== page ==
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Centennial Portraits

Scott Stevens, Martin Brodeur portraits unveiled

Color paintings of 100 Greatest NHL Players will be revealed on every Monday in 2017 @NHLdotcom

As part of the NHL Centennial Celebration, renowned Canadian artist Tony Harris will paint original portraits of each of the 100 Greatest NHL Players presented by Molson Canadian as chosen by a Blue Ribbon panel. will reveal two portraits each Monday in 2017.

This week, the portraits of defenseman Scott Stevens and goalie Martin Brodeur, who together won the Stanley Cup three times with the New Jersey Devils, are unveiled in the 25th installment.

Scott Stevens, who was captain of the New Jersey Devils for each of their three Stanley Cup championships (1995, 2000, 2003) and won the Conn Smythe Trophy in 2000, was a hard hitter who struck fear in some of the top offensive players in the game.

But he was more than that. He also was skilled offensively, topping 50 points in eight of his first 12 NHL seasons. That included an NHL career-high 78 points (18 goals, 60 assists) with the Devils in 1993-94, when he finished second in voting for the Norris Trophy, awarded to the top defenseman in the League, behind Ray Bourque of the Boston Bruins.

Stevens had 908 points (196 goals, 712 assists) In 1,635 NHL games.

Stevens was a man of few words, but staff writer Tom Gulitti, in his NHL100 profile of Stevens, said the defenseman did his talking on the ice:

Video: Scott Stevens was a feared, big-hitting defenseman

"[Former teammate John] MacLean said Stevens was 'a very quiet, very reserved guy' off the ice.

"'But he'd put the skates on and he was battle-ready whether it was practice or a game,' MacLean said. 'That, to me, was his leadership, how he competed in games, in practices. He knew you can get better practicing against better players. And he was the guy. He set the tone. We knew we had to battle when we were in there with him. There was no letup. Whether that was a 30-minute, 40-minute or an hour practice, that's what you were going to get.'

"If a teammate didn't practice as hard as Stevens, the captain was sure to let him know his effort wasn't good enough.

"'Well, I think I got their attention," Stevens said. 'You can make each other accountable. I really believed that practice was a big part of winning hockey games and we practiced hard. We had our scuffles. We had other guys who practiced hard.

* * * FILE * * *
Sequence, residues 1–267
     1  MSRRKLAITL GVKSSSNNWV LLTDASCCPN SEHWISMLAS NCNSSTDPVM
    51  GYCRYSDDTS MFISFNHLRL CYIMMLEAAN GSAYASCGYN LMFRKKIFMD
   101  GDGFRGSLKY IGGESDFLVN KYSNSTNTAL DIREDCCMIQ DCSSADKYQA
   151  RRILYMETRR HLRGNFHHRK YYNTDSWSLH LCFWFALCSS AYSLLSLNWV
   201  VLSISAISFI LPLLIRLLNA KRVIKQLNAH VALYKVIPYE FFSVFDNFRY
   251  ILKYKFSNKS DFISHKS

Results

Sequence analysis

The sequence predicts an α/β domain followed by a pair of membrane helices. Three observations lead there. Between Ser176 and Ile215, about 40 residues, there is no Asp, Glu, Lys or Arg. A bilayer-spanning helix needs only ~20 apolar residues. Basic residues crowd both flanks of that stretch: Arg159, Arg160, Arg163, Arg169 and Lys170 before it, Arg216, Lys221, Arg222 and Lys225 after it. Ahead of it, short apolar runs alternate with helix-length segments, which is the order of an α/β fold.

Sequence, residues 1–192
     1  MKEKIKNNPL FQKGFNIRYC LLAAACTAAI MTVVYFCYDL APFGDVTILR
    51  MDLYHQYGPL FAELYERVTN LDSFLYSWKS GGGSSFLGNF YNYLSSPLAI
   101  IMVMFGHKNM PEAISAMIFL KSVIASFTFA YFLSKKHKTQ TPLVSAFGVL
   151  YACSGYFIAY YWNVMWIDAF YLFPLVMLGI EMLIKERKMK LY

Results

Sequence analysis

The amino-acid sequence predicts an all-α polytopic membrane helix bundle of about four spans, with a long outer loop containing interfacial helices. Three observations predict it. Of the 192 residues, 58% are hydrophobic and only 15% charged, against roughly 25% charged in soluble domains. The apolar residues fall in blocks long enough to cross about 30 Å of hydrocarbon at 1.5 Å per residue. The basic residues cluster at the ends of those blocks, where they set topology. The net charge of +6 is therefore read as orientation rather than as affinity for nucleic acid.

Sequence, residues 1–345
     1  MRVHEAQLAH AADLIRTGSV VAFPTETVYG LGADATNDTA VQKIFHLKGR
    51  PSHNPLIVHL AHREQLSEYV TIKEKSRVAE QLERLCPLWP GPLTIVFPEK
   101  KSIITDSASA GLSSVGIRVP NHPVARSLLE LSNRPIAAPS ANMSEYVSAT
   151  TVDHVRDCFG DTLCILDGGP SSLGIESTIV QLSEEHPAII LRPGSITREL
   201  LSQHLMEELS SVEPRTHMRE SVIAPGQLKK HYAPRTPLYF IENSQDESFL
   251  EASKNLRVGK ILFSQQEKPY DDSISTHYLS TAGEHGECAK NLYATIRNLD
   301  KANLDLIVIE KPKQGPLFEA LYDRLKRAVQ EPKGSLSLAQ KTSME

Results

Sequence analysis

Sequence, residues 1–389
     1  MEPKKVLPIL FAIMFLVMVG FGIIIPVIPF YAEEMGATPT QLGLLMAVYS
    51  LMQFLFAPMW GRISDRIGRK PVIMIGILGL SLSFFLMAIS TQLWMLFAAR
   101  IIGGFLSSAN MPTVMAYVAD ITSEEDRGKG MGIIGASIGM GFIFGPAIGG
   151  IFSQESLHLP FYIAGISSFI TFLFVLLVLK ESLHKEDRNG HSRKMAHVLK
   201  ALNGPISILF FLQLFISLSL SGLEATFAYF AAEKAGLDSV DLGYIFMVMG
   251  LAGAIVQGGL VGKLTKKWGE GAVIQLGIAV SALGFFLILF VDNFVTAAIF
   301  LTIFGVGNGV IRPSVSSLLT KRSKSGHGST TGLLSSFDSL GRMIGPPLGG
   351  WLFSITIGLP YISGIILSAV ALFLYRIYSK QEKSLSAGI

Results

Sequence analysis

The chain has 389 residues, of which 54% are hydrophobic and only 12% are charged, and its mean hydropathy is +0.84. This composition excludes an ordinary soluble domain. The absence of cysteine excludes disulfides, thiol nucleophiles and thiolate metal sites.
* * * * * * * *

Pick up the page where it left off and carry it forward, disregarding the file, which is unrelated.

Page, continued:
"'That's a big part of having success.'"

Artist Tony Harris said he tried to capture Stevens' intensity in his portrait.

"I always thought that Scott Stevens was a linebacker that happened to be a really good hockey player," Harris said. "He was a player that even though he didn't score a lot of goals you were always aware when he was on the ice. This painting hopes to capture that presence."

In the history of the NHL, other goalies may have been more charismatic, more quotable, more colorful, more physical, more acrobatic or more technically exacting than Martin Brodeur, but none of them won as much as he did.

Brodeur, who played 21 seasons with the Devils and seven games with the St. Louis Blues in 2014-15, is the NHL all-time leader in wins (691), saves (28,928), shutouts (125) and games (1,266). He was the youngest goalie to win 300 NHL games. And 400. And 500.

He won the Vezina Trophy four times and the Jennings Trophy -- awarded to the goaltender(s) on the team allowing the fewest goals -- five times. He made the NHL First All-Star Team four times and the Second All-Star Team three times, and won the Calder Trophy as the top rookie in the League in 1993-94, when he nearly carried the Devils to the Stanley Cup Final. The next season, he helped the Devils to their first of three Stanley Cup championships.

His 113 Stanley Cup Playoff victories and 205 NHL playoff games rank second all-time to Patrick Roy (151 wins, 247 games). His 24 postseason shutouts are the most in NHL history, one ahead of Roy.

In his NHL100 profile of Brodeur, author Stu Hackel wrote about Brodeur's unflappable nature in goal.

Video: Martin Brodeur owns many key career goalie records

"He seemed to have the perfect temperament for the job, no matter the circumstances. A parade of teammates testified over the years that -- unlike the stereotypical goalie of erratic temperament and eccentric behavior -- Marty was just a 'normal' guy.

"Teammate Sheldon Souray described to Sports Illustrated's Michael Farber a representative Brodeur moment: 'There's Marty after the second period, having his Sprite and half a bagel, working on a shutout, and he's talking and joking with the guys in the room. Then he'll go out and stop 10 shots in the third. There's just this calmness about him. Maybe it's because he still thinks of hockey as a game.'

"'He relishes the big game and big moments and wants it on his shoulders, but he's very relaxed about it. Marty's like, 'Yeah, let's go win a game,' Bill Guerin, a Devils teammate from 1992-98, told Farber.

"As Brodeur himself said, 'I just don't get nervous at a hockey rink.'"

Harris said one particular aspect of Brodeur's game jumped out at him during his research for the painting.

"What stuck with me while researching photographs for Martin Broduer's portrait was how normal his equipment set up was in an era when goalies were using the biggest bulkiest padding they could find," Harris said. 


Scott Stevens



Martin Brodeur


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